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How can we ensure college students and staff are safe from tuberculosis?

Risk of transmission of TB is heightened on university and college campuses, but screening and effective blood tests can help health centres protect students.

Tuberculosis (TB) is one of the world’s deadliest infectious diseases, despite being curable and preventable.1 Following a resurgence in England in 2011, cases of TB are declining but rates are still high in the UK compared to Western Europe.

Reports show that approximately three-quarters of TB cases in the UK occur in people born outside the country, and with the UK consistently ranking as one of the most popular locations for higher education, it is essential that foreign students from high TB risk countries are screened for TB infection.2

TB testing and treatment protects the health of these students and helps to limit the potential transmission and spread of the disease.3 During an active TB infection, the disease is extremely dangerous and highly contagious.

TB testing resources for students

Are you protecting students from TB at your university? Find the answers to common questions and test your knowledge at www.quantiferon.com/studentsUK

This article was initiated, funded and reviewed by Qiagen

Thankfully, TB can be identified in its latent form and treated before it poses a threat. People with latent TB infection (LTBI) do not feel sick or show symptoms. However, LTBI can progress to active TB when a person’s immune system is compromised by conditions like diabetes or cancer or certain medications.

The WHO estimates that nearly a quarter (23%) of the world’s population could have LTBI and are at risk of developing active TB during their lifetime.4 Accurate testing is essential to properly detect LTBI and limit the spread of TB, with the goal of eradicating the disease.

Tuberculosis outbreaks at universities and colleges can be dangerous, and many institutions underestimate the real risk of TB in their community. The UK is a popular destination for international students, and the risks of TB are amplified in congregate settings like university dormitories. It is important to educate incoming students about the risks of TB infection to protect classmates and the local community.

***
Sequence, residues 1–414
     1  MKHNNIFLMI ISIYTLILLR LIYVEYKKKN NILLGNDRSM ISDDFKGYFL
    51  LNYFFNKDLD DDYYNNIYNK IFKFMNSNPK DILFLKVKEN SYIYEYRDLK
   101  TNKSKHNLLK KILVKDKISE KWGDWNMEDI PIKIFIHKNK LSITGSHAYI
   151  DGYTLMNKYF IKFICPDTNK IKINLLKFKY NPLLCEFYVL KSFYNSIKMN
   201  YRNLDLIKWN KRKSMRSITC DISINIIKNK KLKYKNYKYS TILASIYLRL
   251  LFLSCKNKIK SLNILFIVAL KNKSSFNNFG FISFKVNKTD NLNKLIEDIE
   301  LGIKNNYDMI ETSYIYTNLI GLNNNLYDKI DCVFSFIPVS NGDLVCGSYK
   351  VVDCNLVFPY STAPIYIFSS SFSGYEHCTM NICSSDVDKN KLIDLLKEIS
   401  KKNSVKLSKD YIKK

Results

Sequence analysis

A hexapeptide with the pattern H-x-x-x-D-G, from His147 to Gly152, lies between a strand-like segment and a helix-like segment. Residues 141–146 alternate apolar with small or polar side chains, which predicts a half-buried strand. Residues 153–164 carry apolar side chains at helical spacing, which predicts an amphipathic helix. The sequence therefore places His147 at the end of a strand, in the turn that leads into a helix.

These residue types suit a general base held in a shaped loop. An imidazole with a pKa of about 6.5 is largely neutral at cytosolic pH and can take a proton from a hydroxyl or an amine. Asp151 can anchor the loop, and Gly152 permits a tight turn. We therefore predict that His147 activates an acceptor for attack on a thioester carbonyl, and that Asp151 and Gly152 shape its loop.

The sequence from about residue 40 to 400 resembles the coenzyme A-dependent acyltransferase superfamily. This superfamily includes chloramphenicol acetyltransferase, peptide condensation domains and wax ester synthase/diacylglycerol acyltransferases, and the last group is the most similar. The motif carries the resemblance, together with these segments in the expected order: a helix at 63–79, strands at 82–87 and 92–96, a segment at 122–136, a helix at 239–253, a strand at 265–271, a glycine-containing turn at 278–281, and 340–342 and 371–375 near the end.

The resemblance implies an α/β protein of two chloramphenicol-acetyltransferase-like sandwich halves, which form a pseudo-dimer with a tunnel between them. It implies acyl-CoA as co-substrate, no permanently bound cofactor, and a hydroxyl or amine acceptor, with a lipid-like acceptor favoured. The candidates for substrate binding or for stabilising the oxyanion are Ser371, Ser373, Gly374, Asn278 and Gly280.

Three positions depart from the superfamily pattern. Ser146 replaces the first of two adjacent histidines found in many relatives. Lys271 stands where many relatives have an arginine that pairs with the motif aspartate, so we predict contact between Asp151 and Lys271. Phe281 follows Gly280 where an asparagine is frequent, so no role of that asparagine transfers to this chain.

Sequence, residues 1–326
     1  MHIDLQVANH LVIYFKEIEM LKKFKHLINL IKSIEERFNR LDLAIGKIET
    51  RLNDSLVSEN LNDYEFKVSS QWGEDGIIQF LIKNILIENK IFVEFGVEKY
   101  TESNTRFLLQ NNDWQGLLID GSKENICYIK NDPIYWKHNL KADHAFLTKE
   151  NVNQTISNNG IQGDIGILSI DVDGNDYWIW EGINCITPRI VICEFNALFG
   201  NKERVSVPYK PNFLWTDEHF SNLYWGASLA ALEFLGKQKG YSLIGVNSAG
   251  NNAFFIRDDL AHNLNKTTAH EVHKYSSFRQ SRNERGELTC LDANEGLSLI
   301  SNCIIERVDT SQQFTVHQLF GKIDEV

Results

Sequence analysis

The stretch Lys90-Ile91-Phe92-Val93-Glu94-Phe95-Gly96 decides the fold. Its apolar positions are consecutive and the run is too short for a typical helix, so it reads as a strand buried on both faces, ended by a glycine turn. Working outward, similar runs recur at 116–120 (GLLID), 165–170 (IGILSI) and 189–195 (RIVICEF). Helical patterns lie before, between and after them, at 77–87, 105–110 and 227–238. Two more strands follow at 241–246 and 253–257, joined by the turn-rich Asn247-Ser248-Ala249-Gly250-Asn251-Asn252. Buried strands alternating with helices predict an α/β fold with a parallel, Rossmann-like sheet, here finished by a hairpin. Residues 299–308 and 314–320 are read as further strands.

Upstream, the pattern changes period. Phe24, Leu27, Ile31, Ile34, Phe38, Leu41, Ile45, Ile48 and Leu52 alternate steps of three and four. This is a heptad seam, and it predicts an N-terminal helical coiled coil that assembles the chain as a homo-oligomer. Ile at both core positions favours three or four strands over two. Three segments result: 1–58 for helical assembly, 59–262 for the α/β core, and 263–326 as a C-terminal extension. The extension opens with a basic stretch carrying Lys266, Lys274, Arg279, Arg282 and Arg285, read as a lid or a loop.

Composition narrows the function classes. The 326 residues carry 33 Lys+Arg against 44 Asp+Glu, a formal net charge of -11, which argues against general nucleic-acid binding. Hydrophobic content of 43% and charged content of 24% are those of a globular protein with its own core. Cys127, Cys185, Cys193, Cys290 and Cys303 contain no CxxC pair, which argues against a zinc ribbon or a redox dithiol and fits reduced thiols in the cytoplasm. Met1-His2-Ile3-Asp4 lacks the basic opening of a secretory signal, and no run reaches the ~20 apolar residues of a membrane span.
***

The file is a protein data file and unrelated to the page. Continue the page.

TB is more prevalent than you may think

In recent years, TB outbreaks continue to occur across a number of educational institutions, including primary and secondary schools in Dagenham, Manchester and Devon. The risk of transmission is heightened in schools and on university and college campuses due to the frequent close interactions that take place. TB is also more likely to spread among people living in overcrowded accommodation, and social and academic constraints may keep students from obtaining proper medical care at the onset of symptoms.

Nearly three quarters of all TB cases occur in those born abroad, mainly in high TB burden countries, with the vast majority of these cases (85%) occurring among settled migrants who have been in the country for more than two years, rather than in new entrants.5

Foreign students from countries where TB is more common are required to take part in the UK pre-entry screening programme, which primarily looks for active pulmonary TB.6 Many universities and colleges provide guidance to incoming students on TB testing, and the use of new, efficient and less subjective tests can help to identify LTBI, so that preventive treatment can be initiated quickly and efficiently to keep their campuses safe from reactivation of TB.

University health centre’s one-stop approach

Sue Belton, a TB nurse specialist at Cripps Health Centre in Nottingham, said: ‘At the University of Nottingham Health Service, we screen all international students within a few days of their arrival in the country at our dedicated Freshers Fair. We would expect to see in excess of 2,000 international students.